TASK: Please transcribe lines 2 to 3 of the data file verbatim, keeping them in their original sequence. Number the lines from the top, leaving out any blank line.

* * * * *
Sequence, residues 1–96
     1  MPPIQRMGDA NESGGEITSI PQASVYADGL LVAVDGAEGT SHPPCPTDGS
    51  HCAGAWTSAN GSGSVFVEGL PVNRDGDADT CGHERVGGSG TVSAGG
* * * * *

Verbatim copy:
     1  MPPIQRMGDA NESGGEITSI PQASVYADGL LVAVDGAEGT SHPPCPTDGS
    51  HCAGAWTSAN GSGSVFVEGL PVNRDGDADT CGHERVGGSG TVSAGG